Ancient and modern worlds meet at Volubilis, where Europeans are called `Romans'. But does this area really owe its heritage to classical civilisation?
It is dangerous to linger at Volubilis beyond late afternoon. Dusk brushes the dry stones with the disturbing, magical glow of Morocco, and leads to a lifelong addiction. I can no longer guess at the number of times I have wandered through these ruins. Yet I still vividly remember my first night here, 23 years ago, after visiting the site. My sleep was broken by dogs patrolling the flat roofs of neighbouring village houses, their echoing barks unleashing dreams initiate by the vivid mosaics of Volubilis's House of Venus.

The ruins of this palatial town house, tucked a discreet block away from the main street, are dominated by an opulent courtyard, from which a corridor leads to two bedrooms. The floors of these rooms are alive with depictions of rippling naked flesh destined to haunt the imagination of the adolescent that I was. In one, the beautiful youth Hylas, boyfriend of Hercules, fights off the advances of the two nymphs who will later drag him down to the depths of the lake to serve as their sex slave. In the next room, Actaeon sprouts horns at the moment he betrays his chaste friendship with the virgin goddess Artemis, by gazing on her naked form as she bathes.

Both mosaics are concerned with the same theme - the unspoken boundary separating friendship from erotic desire - and dwell lovingly on the punishment that follows any breach. It is an enduring theme, as furiously relevant now as it was in the 2nd century AD.

The assimilation between ancient and modern is made even easier by the surrounding landscape. The hills that rise immediately to the east of Volubilis are an Arcadian dream, a Claudian landscape of limestone escarpments, pine woods, stone-built villages and ancient olive groves. In such a land, the world of myth becomes a vivid possibility. To what extent, I only found out years later, when I explored the foothills, known locally as Jebel Zerhoun.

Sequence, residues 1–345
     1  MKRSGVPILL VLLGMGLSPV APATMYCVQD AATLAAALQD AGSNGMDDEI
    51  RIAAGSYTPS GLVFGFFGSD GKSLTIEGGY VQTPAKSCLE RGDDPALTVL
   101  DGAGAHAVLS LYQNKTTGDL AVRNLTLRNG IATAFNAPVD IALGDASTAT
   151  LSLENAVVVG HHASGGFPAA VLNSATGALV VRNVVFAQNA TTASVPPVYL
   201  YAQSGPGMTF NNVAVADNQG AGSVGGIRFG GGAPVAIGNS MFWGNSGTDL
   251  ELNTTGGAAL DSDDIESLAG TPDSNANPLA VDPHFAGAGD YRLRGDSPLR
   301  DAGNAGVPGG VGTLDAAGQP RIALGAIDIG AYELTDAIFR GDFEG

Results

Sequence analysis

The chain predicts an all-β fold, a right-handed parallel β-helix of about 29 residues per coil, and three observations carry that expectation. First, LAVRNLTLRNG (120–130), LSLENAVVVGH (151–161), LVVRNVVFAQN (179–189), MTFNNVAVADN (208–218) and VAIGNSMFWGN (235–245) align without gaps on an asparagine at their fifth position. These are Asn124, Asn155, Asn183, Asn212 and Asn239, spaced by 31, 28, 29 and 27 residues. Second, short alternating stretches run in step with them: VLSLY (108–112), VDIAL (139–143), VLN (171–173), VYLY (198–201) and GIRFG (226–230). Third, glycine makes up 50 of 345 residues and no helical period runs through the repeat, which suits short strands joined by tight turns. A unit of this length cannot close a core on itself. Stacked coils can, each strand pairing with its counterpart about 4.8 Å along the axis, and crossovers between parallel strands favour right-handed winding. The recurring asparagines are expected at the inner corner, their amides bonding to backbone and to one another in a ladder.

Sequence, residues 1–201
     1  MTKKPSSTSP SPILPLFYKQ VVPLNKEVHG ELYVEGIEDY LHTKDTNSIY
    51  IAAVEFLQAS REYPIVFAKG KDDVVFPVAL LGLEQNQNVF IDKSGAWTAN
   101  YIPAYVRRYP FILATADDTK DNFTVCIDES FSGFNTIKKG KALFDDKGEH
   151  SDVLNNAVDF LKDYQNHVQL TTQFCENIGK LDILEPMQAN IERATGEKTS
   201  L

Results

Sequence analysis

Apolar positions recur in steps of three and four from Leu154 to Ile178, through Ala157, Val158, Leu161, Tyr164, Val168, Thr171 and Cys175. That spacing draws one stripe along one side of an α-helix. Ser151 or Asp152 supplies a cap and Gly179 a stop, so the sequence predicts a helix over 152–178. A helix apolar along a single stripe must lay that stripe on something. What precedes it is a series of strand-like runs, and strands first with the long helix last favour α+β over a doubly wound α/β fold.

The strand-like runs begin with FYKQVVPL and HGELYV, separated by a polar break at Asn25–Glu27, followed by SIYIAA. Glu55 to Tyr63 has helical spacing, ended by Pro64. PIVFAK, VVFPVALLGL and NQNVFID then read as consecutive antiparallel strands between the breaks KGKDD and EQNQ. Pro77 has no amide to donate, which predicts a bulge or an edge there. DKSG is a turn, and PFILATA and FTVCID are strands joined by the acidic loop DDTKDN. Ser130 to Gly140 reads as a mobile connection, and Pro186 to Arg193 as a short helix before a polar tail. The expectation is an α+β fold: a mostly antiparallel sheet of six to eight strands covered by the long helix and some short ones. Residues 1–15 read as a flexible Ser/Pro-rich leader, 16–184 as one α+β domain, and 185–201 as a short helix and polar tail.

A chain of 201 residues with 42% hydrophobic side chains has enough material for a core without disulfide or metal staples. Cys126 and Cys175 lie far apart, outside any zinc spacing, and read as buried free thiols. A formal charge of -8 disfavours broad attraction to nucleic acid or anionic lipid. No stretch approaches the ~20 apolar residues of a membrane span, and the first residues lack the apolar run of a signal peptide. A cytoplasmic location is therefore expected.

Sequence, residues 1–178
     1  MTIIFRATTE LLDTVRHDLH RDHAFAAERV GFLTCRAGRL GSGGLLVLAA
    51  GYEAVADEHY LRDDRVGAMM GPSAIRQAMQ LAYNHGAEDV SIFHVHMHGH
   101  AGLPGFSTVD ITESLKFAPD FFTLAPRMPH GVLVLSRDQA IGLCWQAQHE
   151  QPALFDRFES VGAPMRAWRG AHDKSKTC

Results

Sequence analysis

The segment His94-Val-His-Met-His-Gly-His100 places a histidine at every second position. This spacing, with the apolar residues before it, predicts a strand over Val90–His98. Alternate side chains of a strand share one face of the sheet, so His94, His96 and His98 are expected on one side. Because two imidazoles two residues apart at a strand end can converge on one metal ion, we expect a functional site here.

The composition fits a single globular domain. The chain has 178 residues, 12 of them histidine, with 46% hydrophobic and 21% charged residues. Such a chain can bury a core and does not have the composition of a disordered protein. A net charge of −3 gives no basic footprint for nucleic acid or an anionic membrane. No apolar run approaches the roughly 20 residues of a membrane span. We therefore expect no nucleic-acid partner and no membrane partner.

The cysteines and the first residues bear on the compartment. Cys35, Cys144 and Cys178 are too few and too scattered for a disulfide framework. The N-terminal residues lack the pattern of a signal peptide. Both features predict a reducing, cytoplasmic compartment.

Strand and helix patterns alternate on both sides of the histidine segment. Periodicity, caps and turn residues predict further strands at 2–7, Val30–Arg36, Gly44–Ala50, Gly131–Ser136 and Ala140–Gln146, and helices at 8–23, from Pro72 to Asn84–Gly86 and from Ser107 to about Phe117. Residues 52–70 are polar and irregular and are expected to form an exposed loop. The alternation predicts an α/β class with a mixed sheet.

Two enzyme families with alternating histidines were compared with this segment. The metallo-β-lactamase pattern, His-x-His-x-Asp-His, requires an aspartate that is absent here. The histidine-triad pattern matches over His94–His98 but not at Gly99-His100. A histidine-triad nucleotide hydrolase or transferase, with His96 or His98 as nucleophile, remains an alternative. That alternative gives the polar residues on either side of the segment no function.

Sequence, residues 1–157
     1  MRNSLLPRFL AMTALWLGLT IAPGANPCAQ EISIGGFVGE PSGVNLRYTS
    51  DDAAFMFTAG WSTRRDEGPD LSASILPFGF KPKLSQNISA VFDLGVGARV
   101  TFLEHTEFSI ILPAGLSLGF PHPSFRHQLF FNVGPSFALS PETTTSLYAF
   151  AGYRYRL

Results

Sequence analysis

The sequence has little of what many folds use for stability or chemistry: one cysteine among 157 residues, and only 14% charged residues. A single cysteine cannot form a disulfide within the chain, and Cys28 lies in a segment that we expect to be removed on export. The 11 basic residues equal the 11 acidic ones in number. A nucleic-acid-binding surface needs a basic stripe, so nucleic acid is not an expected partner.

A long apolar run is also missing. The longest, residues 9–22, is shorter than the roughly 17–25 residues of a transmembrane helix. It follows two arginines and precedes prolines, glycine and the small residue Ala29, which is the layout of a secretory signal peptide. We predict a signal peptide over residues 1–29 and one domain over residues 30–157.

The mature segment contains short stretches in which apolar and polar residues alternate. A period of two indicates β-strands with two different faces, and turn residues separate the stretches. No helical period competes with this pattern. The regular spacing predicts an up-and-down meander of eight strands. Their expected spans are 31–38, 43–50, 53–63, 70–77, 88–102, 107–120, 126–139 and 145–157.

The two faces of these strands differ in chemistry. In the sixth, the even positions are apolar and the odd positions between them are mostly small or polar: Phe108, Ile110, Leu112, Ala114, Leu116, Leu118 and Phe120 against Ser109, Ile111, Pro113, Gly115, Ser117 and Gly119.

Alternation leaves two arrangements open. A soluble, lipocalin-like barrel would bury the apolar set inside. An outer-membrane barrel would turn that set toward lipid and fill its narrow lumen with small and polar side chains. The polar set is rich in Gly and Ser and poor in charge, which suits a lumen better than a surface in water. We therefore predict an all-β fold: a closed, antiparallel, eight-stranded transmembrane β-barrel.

An hour's walk from Volubilis, I found an outdoor bath worthy of Artemis and her peeping Tom, Actaeon. It lies at the bottom of a steep valley north-east of Moulay Idriss. Here, a subterranean hot-water spring still bubbles into an intact circle of carved Roman stone.

It was in use, not by a goddess, but by an elderly ploughman, calming his arthritis in its odoriferous and muddy waters. He had good reason to be surprised by the sudden arrival of a Roumi (a Roman, as all Europeans are still known in Arabic-speaking Morocco), but showed none of the petulance of a deity. Instead, with impeccable Moroccan manners, he politely vacated the waters and offered me sole use of the bath.

On another Jebel Zerhoun hillside, I later came across a shadow of the vengeful virgin goddess, in the local form of Aisha Qadisha. This powerful and malevolent spirit is feared by men throughout Morocco. She appears as a slim, elegant and veiled figure in the evening light, luring men to follow her with the seductive turn of her body and her flirtatious glances. She leads them away from the busy streets to a quiet place of assignation, and only those who spot the imprint of her cloven hooves can make their escape. Those who succumb to her first embrace have secured their doom.

Here she is associated with a dank natural grotto whose entrance is all but obscured by the spreading branches of an ancient fig tree. Even at noon it was chilling. Just a few burnt-out candles and ragged scraps of cloth tied to the tree mark it out as a place of devotion. Whether the women venerate the site in order to banish Aisha Qadisha from these hills, or to call down her vengeance on abusive men, I would not contemplate returning at dusk.

On that first visit to Volubilis, I recall staring up at the ruins of the Capitoline temple, mounting the steps of the sanctuary and then looking east as the setting sun caught the pilgrimage town of Moulay Idriss in its glow. The view is one of the most celebrated in North Africa.